Download Art And Fear by Paul Virilio, Julie Rose PDF

By Paul Virilio, Julie Rose

Paul Virilio lines the dual improvement of artwork and technological know-how over the twentieth Century, a improvement that emerges as a nightmare dance of loss of life. In Virilio's hot imaginative and prescient, paintings and technological know-how vie with one another for the destruction of the human shape as we all know it. at the beginning of the twenty first Century technological know-how has eventually left paintings at the back of as genetic engineers organize to show themselves into the worst of expressionists, the Human Genome undertaking their godless manifesto, the man or woman, the uncooked fabric for brand new and tremendous different types of lifestyles.

Virilio makes all of the connections transparent: among the best way early twentieth Century avant-gardes twisted and tortured the human shape prior to making it vanish in abstraction and the blasting to bits of fellows who have been not more than cannon fodder within the trenches of the good warfare; among the German Expressionists' hate-filled pictures of the damned and the "medical" experiments of the Nazi eugenicists; among the mangled messages of sensationalist advertisements and terrorism. A brutal good judgment principles this shattering of illustration: our methods of seeing are actually fatally formed by means of unparalleled "scientific" modes of destruction.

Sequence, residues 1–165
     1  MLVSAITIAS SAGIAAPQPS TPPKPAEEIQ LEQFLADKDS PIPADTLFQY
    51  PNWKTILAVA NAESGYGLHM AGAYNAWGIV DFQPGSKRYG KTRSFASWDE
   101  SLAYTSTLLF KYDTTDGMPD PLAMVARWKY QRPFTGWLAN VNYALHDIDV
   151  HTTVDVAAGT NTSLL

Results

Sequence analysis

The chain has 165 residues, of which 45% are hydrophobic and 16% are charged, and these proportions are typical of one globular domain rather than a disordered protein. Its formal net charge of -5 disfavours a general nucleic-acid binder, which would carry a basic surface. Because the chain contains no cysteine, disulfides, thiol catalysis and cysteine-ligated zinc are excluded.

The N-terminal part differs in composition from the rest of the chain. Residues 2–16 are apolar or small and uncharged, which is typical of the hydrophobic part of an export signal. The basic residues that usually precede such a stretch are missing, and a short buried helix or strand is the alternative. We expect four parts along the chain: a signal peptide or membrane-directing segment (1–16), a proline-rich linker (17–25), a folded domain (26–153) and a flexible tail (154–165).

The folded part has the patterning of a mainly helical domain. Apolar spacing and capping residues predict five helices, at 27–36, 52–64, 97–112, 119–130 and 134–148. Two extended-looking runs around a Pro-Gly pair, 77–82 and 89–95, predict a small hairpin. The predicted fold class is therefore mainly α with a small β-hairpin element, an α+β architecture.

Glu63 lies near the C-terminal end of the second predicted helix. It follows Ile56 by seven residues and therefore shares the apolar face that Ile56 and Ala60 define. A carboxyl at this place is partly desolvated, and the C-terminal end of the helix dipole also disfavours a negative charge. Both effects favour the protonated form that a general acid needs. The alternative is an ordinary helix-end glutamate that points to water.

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Sample text

I have said elsewhere that genius is a way out, the only one left when all is lost. I say so again, specifying that organized cabal but rather as a tacit agreement between men who knew and understood each other well enough without direct contact or even correspondence, and certainly without a leader, to conduct a well-organized campaign; when one of them came out into the open and struck, the others knew what they had to do. This is what gives the Dialogues their true dimensions; though the aggression is obviously exaggerated, its reality must never be forgotten.

If apprehended in its relations to the seriality of readings, it seems to be a collective, a real index of social detotalization. Through it we measure the separation of individuals in an envisaged society; its mystery represents the false union of readers, each of whom is unaware of the other's thoughts. In our societies this may be the result of the creation of mass culture; in this case, as the words penetrate the person reading, that person internalizes his own solitude in the face of an impenetrable block of exigent sociality, without considering that this sociality is nothing but the detotalization of a collectivity as lived socially by each of its members.

The public itself, in this particular case, is the agent that transforms this false witness into a true witness of his time. And since the work's objectivity remains false in principle (there is nothing to prevent panoramic consciousness, immobilism, and radical misanthropy from being mistakenly adopted with the resulting familiar contradictions), its truth-its power to express the times-can come to it, through an external qualification which it internalizes, only from the times themselves. In other words, its false objectivity will become true in its very falsity if the various social strata that constitute its public see its past and present circumstances with false objectivity.

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